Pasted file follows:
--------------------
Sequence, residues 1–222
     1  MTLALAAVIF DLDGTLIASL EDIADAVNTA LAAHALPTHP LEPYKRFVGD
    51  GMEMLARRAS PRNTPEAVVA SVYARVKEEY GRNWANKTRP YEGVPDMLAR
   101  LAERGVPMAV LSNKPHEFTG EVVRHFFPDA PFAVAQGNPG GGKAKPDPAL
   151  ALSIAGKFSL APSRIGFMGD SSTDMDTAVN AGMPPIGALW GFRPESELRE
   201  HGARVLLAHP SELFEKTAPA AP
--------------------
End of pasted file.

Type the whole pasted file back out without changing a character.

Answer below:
Sequence, residues 1–222
     1  MTLALAAVIF DLDGTLIASL EDIADAVNTA LAAHALPTHP LEPYKRFVGD
    51  GMEMLARRAS PRNTPEAVVA SVYARVKEEY GRNWANKTRP YEGVPDMLAR
   101  LAERGVPMAV LSNKPHEFTG EVVRHFFPDA PFAVAQGNPG GGKAKPDPAL
   151  ALSIAGKFSL APSRIGFMGD SSTDMDTAVN AGMPPIGALW GFRPESELRE
   201  HGARVLLAHP SELFEKTAPA AP